This air-cooled two-barrel anti-aircraft weapon based to Maxim machinegun designed by Aimo Lahti and manufactured by VKT (State Rifle Factory). The whole weapon has pair of two air-cooled machineguns attached side-by-side on the same platform and used as a single weapon. Both machineguns are fed with ammunition from disintegrating belts of 250 rounds, which are placed in belt boxes situated on both sides of this machinegun-pair. Also under each machinegun is shell-box for empty cartridge cases and parts of disintegrating ammunition belt. Barrel jacket design used in this machinegun reminds the one, which Lahti had already earlier used in Lahti-Saloranta light machinegun. This barrel jacket design has 24 cooling holes longitudinal to the barrel. Both machineguns of ItKk M/31 VKT have their own grips, which are mix between while original shovel-handle type most used in Maxim machineguns and the traditional pistol-grip type: They are shaped to provide pistol-grip like ergonomics and each have a separate trigger, which is operated with forefinger. The receivers of these machineguns are pretty much along the lines of traditional Maxim machinegun design, but with Lahti's improvements. These improvements, including new accelerator, feeding mechanism and ammunition belt gave this weapon a remarkable theoretical fire-rate of 900 rounds/minute/barrel (and 1800 rounds/min for whole weapon). Although this also required use of recent Finnish-manufactured ammunition, which had improved cartridge case bottom design. Tips of the barrels are equipped with cone-shaped flash hiders.

    Machinegun-mount used with this anti-aircraft machinegun was cone-shaped, about 135 cm high and quite heavy, but also somewhat versatile and allowed the weapon to be installed to just about any kind of fire position or vehicle - including ships, trains and trucks. However this design had also its limitations. While the cone-shaped machinegun-mount worked, it was more suitable to static positions than to needs of Finnish Field Army, which found need for more mobile antiaircraft machinegun, which could be more easily moved from one position to another. Each weapon was issued in wooden crates with multitude of equipment, which included ten 250-round belts, ten belt boxes, spare barrels, spare bolts, springs and tool set.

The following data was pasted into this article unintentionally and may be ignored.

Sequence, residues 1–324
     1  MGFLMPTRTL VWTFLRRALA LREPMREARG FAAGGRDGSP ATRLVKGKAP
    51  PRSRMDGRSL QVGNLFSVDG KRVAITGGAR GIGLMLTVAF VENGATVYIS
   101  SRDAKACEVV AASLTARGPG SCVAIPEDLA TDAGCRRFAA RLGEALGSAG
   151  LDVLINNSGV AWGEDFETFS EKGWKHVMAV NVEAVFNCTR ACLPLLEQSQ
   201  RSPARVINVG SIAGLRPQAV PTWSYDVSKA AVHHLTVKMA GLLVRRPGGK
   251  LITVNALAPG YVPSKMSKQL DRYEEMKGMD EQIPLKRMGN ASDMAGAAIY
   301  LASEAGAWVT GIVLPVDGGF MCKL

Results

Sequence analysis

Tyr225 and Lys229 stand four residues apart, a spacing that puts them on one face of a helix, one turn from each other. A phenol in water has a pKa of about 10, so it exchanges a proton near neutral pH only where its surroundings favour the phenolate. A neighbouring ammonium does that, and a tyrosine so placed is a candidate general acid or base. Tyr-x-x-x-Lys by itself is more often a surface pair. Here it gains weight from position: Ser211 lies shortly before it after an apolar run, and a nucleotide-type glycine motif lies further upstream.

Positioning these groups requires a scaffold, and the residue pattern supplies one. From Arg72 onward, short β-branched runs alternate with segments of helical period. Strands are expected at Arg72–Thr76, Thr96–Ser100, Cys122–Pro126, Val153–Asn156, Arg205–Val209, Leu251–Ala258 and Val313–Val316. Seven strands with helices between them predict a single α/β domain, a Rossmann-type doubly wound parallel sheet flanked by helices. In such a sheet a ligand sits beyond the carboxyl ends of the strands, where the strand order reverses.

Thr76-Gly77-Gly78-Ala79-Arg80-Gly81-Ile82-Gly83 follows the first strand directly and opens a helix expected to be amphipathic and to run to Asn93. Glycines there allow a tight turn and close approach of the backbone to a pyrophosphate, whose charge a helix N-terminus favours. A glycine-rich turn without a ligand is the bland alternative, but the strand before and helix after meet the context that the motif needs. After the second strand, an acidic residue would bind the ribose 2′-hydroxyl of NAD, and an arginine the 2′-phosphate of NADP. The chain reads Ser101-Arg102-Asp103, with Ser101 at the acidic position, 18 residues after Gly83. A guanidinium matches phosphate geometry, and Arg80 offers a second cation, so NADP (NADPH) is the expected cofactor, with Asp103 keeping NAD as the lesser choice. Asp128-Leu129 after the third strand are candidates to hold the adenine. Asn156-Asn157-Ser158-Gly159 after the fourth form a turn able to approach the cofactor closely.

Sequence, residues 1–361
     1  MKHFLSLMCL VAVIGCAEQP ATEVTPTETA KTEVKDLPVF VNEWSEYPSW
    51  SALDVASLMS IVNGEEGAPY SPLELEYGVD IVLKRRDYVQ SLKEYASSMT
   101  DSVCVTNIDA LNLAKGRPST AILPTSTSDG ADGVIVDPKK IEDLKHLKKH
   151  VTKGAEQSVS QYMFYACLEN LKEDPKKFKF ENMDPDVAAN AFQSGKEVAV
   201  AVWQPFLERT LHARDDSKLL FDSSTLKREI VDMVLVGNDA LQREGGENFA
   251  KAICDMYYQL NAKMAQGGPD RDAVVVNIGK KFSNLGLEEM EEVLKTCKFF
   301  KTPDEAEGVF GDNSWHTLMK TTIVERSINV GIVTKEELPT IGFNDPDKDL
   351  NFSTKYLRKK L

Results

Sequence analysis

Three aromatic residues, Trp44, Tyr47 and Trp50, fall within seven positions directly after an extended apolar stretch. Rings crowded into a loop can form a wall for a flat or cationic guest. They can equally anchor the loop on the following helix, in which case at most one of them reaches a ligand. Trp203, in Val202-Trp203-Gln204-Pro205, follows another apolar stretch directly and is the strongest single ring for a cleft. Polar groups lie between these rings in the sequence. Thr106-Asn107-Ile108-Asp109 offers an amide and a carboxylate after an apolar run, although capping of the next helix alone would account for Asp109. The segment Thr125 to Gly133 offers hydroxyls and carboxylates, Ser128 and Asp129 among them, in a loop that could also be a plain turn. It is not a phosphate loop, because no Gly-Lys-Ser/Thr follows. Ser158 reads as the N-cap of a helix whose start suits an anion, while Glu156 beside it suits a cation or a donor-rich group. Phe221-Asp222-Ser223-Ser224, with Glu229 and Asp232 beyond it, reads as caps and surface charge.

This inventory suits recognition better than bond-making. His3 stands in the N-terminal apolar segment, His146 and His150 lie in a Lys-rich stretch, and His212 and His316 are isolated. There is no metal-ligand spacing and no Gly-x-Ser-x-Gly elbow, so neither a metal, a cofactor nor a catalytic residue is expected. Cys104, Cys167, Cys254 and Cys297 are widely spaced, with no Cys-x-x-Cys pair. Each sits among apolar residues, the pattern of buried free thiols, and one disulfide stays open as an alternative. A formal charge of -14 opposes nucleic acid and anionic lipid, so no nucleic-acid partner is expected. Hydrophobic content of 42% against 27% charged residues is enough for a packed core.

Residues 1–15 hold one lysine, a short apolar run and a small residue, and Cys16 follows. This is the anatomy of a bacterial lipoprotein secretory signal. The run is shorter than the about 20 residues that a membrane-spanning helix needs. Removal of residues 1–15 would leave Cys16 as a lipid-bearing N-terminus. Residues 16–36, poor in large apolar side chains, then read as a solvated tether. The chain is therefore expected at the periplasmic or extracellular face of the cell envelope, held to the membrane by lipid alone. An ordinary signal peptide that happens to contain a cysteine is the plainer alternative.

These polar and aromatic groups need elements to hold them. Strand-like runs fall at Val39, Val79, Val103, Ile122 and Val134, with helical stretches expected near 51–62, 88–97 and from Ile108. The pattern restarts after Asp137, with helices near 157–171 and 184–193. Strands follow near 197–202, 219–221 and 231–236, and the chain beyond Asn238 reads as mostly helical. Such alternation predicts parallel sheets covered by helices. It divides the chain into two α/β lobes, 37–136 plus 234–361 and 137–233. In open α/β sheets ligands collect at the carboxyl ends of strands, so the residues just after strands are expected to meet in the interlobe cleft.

PICTURE: 7,62 mm M/31 VKT AAMG. Notice cone-shaped mount and sights. (Photo taken in Sotamuseo). CLICK THUMBNAIL TO SEE LARGER PIC (68 KB).

    First prototype of ItKk/31 was completed in year 1931 and first order made in year 1933. That first order was for 130 weapons and resulted the weapon entering to mass-production in that year. By late year 1937 the first production run of 130 weapons was completed. July of 1938 Finnish Armed Forces did the their second and last order for ItKk/31 - this time it was only for 10 weapons to be delivered without machinegun-mounts. But due to Winter War delivery of those 10 weapons did not happen until autumn of 1940. Also Civil Guard (Suojeluskunta) had several dozen ItKk/31 anti-aircraft machineguns loaned from Armed Forces in its training use in circa 1934 - 1938. Last of the ItKk/31 got returned from Civil Guard to Armed Forces After in mobilisation for Winter War in year 1939. Total production of ItKk/31 was only about 140 - 150 weapons with each pair of machineguns used for each ItKk/31 at least originally having consecutive serial numbers. The largest known serial number is apparently around 295 - 314. The earlier mentioned mobility issue caused by cone-mount combined with some other issues noted with some other issues already noted before World War 2, resulted into development of improved version in 1939 - 1940. Year 1940 ItKk/31 was replaced in production with that improved version simply named ItKk/31-40. During Winter War (1939 - 1940) ItKk/31 was the main standard issue anti-aircraft machinegun type in Finnish use.